I'm a mixed bag. There are some I tell EVERYTHING to - BFF and older sister. Others, I tell somethings to - Aunt, younger sister and most other ppl. And yet others I pretty much tell nothing to: my Dad - he just does not understand it, new potential friends - I have to learn their mindset first, the kids' father - he NEVER asks about them and if I volunteer it's automatically my fault.

    It depends on several factors:
    Do they need to know? As in you mother and brother.
    How close is your relationship?
    Are they willing/capable of understanding such issues?
  5. Signorina

    Signorina Guest

    I hear you. My son isn't suffering so much from mental illness as he is from substance abuse. That's where I fear the judgment, I guess. It's like there are 2 schools of thought 1)"Boys will be boys (or kids will be kids) We all did that or worse in college..." or 2) "OMG Signorina's boy is Amy Winehouse and he DEALING drugs" followed by 1) "They are totally over-reacting" or 2)"They let him walk all over them and ignored it too long."

    In my very gray reality he was a good kid who abused substances as a 16yo, got back on track, was physically assaulted his 2nd week of college (last year), nearly lost his sight as a result, and may be suffering from PTSD and/or post concussive syndrome or he could just be a burnout using his injury as an excuse for his amotivation. Or all 3 or none of the above.

    Honestly, those judgments are my own. I am going in circles...
  6. AnnieO

    AnnieO Shooting from the Hip

    Let them make their own judgments, or not.

    If they judge YOU for his choices, you don't need them.

    Easy to say, hard to deal with.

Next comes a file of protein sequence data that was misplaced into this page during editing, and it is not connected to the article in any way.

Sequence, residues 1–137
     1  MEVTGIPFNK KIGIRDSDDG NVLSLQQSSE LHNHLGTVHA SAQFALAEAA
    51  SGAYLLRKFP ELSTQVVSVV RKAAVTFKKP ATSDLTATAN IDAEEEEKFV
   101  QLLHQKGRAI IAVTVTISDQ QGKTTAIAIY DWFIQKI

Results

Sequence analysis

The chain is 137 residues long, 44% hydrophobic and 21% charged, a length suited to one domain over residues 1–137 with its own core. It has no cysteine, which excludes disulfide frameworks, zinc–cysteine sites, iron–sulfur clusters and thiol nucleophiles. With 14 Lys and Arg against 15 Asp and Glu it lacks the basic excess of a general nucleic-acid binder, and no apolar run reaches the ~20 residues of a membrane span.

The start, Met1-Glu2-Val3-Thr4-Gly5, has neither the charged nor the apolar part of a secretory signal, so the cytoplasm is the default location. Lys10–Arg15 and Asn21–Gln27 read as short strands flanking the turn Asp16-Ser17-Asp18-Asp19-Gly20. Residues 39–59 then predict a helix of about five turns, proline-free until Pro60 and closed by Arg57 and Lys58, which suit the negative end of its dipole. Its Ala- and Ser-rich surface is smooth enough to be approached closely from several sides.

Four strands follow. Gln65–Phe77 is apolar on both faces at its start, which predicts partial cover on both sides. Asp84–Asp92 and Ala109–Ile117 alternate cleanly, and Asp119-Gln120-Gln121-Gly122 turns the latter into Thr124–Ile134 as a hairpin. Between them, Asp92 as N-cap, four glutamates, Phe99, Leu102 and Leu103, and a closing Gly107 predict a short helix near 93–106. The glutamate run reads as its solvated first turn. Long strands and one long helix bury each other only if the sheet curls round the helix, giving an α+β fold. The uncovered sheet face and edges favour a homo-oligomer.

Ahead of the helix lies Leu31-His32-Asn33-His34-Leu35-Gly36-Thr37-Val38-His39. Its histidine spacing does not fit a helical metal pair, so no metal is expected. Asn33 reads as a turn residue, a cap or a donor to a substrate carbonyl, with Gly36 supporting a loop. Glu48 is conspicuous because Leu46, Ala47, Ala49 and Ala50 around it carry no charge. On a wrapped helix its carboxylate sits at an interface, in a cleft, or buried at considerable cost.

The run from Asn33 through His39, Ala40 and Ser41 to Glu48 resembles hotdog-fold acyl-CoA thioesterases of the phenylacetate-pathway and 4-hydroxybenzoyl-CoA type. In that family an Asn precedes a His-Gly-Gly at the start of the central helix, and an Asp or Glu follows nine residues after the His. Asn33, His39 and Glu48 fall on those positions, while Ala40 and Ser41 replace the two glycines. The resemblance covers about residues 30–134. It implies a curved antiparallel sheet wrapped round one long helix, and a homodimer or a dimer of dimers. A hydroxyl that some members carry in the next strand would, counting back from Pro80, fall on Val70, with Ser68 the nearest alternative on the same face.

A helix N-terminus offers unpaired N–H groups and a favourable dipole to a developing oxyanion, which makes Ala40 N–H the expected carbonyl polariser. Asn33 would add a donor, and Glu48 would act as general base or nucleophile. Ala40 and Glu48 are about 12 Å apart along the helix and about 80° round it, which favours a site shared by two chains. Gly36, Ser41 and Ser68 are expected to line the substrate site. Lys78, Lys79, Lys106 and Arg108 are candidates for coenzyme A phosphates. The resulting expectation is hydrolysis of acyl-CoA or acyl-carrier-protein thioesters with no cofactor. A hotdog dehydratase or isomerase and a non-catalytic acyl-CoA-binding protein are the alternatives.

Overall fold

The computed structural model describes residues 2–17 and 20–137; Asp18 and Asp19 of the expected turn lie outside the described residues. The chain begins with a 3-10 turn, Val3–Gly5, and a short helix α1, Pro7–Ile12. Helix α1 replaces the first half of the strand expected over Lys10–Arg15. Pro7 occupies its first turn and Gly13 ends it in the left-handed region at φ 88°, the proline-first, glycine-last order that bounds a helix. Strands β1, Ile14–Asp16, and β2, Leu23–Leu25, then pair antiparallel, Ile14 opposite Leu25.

7. AHF

    AHF Member

    The more open I am about these issues, the healthier I feel. Doesn't mean you inflict a depressing story on friends when everyone's having a nice dinner. But if they ask, I say. And if they ask generally, "How are things?" I say things are tough, and--briefly--why. You quickly find out who cares and who would rather not be bothered with bad news.
  8. Hound dog

    Hound dog Nana's are Beautiful

    Signorina I think if you can truly accept that these are his choices, it will be somewhat easier to deal with other people. Even as a teen, unless you locked him up in a barrel and fed him through a bunghole, you honestly had no real way to keep him away from drugs or alcohol. Even as a minor, it was still his choice.

    I think once people have had experience with teens, they totally get it. Parents of younger children might or might not. Same with the older generation, although those in their 60's know the lure of drugs due to the Hippie Era so are not as naive as they appear.

    If someone wants to do something bad enough, they'll find a way to do it regardless of what you put into place to prevent it. I think most people understand this, sometimes though we need to remind them.

    When people ask me about katie...........I simply tell them she's in the exact same place she was 10 yrs ago, just spinning her wheels. If they know me well enough, they know exactly what I'm referring to and no more has to be said. If not, I may explain a bit, like with sister in law who was asking............which led to us discussing her granddaughter who has taken a nosedive off the deepend that I've kept my mouth shut about and been worrying over for the past 2 yrs. Gave her someone to unload on who understood.